Judge Wallace Dismisses Fraudulent Inducement Claims Where Damages Duplicated Breach of Contract Claim
April 11, 2017
In EZLinks Golf LLC v. PCMS Datafit, Inc., C.A. No. N16C-07-080-PRW-CCLD, Judge Wallace granted the defendant’s partial motion to dismiss. The plaintiff, EZLinks Golf LLC (“EZLinks”), initiated a breach of contract and fraud action against the defendant, PCMS Datafit, Inc. (“PCMS”). EZLinks claimed that PCMS fraudulently induced EZLinks into entering a reseller agreement and then breached the agreement.
PCMS filed a motion to dismiss arguing that the plaintiff’s fraudulent inducement claim and breach of contract claim were redundant. Specifically, PCMS argued that EZLinks’ fraudulent inducement claim alleged false statements by PCMS that simply were based on its alleged failures to perform under the agreement. Judge Wallace disagreed, finding that EZLink sufficiently pled two distinct claims for fraudulent inducement and breach of contract. The Court also held that EZLinks met the heightened pleading standard for its fraud claim.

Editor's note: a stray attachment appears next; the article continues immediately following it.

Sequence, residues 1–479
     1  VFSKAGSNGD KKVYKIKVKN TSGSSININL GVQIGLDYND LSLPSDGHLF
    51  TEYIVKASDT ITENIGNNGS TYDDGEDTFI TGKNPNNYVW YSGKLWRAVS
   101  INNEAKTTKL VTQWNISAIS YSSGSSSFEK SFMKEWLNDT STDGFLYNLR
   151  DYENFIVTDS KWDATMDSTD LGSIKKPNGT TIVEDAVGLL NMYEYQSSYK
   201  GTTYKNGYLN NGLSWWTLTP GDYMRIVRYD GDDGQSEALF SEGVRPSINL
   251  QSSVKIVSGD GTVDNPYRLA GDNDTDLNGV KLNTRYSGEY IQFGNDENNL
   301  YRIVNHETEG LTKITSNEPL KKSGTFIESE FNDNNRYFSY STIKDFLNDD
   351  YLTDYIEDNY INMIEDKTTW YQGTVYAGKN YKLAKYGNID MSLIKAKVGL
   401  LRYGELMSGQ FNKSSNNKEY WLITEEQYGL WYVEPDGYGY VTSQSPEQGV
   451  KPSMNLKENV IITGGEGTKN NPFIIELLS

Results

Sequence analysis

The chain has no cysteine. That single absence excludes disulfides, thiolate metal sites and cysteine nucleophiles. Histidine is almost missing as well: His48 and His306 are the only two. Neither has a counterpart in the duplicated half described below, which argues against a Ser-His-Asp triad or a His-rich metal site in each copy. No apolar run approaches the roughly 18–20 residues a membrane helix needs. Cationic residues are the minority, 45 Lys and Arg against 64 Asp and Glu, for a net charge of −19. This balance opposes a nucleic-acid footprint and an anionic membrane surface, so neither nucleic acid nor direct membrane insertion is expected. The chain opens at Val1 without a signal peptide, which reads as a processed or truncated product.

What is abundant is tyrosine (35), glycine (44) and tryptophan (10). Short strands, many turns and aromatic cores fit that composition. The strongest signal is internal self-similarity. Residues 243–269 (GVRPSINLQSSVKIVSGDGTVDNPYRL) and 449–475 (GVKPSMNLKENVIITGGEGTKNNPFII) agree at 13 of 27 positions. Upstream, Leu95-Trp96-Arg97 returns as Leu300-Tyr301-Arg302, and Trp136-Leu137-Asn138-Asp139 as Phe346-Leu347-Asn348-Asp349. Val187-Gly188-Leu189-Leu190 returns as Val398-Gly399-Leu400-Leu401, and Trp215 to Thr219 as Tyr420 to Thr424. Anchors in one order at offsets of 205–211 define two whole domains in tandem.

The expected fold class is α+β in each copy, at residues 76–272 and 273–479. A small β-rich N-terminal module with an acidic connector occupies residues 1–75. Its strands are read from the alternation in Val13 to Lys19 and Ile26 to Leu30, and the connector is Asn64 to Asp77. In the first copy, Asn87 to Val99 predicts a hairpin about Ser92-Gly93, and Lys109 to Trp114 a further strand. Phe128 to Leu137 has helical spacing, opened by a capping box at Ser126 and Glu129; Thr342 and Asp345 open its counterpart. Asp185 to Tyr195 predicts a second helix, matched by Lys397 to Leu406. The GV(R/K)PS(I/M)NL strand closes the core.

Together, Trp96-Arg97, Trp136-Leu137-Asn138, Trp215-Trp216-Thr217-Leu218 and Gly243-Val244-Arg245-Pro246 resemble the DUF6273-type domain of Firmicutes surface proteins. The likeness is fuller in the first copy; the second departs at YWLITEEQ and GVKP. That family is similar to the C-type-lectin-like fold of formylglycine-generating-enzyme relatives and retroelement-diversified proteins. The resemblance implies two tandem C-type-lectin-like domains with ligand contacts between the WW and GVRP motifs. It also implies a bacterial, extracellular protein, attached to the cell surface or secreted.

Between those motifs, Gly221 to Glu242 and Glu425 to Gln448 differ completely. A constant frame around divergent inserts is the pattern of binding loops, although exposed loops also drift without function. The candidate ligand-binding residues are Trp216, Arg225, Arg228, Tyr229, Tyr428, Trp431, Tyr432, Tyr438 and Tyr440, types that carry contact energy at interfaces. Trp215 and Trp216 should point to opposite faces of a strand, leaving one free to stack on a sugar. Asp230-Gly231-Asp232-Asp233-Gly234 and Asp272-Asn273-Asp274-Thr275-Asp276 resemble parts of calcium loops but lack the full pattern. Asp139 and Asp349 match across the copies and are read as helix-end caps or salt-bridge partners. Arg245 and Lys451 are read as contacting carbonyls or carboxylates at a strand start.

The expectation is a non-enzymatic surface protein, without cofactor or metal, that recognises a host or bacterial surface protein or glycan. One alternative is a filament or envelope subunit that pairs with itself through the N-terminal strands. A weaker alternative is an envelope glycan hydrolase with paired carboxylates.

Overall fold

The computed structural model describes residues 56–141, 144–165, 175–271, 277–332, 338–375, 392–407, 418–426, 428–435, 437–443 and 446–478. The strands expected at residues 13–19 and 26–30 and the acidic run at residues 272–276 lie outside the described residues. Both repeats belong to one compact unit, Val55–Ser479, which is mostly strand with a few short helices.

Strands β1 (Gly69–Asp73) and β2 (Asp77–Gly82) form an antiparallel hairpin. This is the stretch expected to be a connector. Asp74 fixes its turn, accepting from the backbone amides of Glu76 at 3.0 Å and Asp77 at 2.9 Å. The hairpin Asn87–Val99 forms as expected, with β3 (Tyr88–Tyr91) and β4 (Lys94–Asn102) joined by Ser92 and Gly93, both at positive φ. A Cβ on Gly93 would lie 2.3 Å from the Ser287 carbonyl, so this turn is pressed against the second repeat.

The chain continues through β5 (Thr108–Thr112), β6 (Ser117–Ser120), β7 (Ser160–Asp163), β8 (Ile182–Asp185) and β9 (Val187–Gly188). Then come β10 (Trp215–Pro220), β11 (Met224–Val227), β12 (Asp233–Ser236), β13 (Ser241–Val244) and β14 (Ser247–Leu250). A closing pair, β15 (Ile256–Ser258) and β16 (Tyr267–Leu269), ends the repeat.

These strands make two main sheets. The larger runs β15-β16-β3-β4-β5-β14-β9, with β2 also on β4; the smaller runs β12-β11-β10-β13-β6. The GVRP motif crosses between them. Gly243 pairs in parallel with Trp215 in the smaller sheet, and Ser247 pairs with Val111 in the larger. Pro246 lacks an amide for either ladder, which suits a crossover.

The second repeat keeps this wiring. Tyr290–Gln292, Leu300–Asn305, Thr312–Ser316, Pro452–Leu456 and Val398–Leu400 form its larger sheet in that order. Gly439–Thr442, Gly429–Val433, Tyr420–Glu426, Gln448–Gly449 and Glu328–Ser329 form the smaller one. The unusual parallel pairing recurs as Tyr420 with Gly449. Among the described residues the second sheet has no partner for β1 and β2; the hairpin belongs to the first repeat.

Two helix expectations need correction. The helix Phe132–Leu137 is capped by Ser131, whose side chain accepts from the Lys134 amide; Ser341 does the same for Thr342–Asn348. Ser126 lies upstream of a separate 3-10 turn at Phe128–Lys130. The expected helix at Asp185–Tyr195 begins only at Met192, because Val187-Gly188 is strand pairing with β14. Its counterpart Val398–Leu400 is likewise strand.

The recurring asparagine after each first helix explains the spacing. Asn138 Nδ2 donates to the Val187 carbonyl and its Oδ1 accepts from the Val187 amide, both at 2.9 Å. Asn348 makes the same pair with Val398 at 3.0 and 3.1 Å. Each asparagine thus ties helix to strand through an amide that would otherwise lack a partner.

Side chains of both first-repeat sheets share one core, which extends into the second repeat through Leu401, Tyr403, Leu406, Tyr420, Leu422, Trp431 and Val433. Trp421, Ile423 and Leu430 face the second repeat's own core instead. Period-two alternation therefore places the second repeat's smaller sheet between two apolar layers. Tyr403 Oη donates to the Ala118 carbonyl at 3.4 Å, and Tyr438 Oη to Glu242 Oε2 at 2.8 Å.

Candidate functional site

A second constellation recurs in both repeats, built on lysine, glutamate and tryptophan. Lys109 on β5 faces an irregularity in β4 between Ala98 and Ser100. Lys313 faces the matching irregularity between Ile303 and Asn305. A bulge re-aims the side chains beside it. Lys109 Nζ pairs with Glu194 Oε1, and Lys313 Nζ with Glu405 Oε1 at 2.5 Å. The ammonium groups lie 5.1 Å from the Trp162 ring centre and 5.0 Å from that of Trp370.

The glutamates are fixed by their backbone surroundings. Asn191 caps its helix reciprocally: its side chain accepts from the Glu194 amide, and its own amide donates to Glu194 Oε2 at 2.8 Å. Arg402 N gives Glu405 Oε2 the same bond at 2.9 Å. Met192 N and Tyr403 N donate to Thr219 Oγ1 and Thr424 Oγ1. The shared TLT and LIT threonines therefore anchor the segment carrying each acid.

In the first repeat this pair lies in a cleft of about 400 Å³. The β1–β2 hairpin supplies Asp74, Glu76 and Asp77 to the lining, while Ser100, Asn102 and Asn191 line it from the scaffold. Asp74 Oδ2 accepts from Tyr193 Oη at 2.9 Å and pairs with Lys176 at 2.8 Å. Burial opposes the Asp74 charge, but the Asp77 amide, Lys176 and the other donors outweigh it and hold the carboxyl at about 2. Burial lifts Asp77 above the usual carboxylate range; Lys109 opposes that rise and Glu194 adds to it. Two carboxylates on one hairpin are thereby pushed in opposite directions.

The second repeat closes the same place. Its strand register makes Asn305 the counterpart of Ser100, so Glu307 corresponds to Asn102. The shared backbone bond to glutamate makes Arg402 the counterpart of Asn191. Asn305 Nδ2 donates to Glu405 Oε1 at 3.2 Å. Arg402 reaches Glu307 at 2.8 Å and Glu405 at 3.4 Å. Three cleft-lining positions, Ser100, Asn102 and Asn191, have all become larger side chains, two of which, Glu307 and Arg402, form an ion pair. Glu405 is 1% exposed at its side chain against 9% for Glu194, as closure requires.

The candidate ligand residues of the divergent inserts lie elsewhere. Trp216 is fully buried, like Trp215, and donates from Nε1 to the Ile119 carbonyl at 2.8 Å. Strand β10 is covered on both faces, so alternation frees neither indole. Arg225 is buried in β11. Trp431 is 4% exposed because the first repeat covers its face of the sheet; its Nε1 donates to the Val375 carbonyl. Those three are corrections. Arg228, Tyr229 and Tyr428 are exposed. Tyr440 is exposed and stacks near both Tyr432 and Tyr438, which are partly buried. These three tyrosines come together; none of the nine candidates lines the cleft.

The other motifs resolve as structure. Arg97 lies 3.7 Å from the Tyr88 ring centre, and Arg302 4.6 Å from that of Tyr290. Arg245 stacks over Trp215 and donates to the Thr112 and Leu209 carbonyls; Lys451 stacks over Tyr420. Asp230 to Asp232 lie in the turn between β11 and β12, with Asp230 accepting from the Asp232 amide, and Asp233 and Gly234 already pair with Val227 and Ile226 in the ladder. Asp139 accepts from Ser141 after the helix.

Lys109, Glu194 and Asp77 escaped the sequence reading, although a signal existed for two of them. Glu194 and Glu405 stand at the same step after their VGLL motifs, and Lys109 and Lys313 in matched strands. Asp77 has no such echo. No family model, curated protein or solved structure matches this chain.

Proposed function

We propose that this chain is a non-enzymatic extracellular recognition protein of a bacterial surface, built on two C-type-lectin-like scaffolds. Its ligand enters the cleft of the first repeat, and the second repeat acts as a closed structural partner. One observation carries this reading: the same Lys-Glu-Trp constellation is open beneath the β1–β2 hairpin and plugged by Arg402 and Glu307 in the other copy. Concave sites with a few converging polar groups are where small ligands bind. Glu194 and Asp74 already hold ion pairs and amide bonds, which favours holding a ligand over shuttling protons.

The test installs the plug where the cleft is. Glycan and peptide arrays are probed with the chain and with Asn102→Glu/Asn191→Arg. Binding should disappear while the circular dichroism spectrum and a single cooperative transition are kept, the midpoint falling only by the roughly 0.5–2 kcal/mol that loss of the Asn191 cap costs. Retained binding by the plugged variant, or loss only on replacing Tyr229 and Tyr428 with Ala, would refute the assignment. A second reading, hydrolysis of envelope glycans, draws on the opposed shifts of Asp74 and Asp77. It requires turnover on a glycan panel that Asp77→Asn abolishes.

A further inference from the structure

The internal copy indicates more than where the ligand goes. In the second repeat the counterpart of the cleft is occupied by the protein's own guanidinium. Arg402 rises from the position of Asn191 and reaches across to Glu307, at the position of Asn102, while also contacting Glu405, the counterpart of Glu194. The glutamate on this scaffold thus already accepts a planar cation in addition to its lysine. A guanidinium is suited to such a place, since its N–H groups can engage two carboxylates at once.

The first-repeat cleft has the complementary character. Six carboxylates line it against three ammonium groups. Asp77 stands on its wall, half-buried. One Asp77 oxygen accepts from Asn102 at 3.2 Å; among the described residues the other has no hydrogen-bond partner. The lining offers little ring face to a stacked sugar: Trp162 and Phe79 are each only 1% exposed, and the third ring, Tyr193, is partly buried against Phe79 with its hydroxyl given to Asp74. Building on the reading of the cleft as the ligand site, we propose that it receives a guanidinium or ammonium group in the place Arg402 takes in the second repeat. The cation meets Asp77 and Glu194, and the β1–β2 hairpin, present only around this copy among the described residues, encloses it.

Judge Wallace nonetheless dismissed the fraudulent inducement claims because the damages sought for those claims were the same as the expectation damages claimed for breach of contract. Since the damages were identical for both claims, Judge Wallace dismissed the fraudulent inducement claim as redundant.
Analysis: The CCLD is rapidly becoming a preferred venue for fraudulent inducement claims, and a significant body of case law has developed regarding how to properly plead such claims. See, e.g., Trueblue, Inc. v. Leeds Equity Partners IV, LP, N14C-12-112 WCC CCLD; McCann Aerospace Machining, LLC v. John W. McCann, C.A. No. N16C-02-164 EMD CCLD; ITW Global Investments Inc. v. American Industrial Partners Capital Fund IV, L.P., N14C-10-236 JRJ CCLD. In this case, Judge Wallace addressed the plaintiff’s argument that the CCLD’s prior decision in ITW Global controlled and found that the damages at issue in ITW Global were separate and distinct because “rescission and rescissory damages for money paid to defendants under the contract are not ‘barred as a rehash’ of the Complaint’s breach of contract damages.” In contrast, the damages allegations for fraud and breach of contract in the instant case were nearly identical. Judge Wallace found: “Notably, EZLink’s count for fraud in the inducement pleads neither for rescission or rescissory damages as did the ITW Complaint.” This case highlights the level of detail that must be pled when alleging both fraud and breach of contract claims.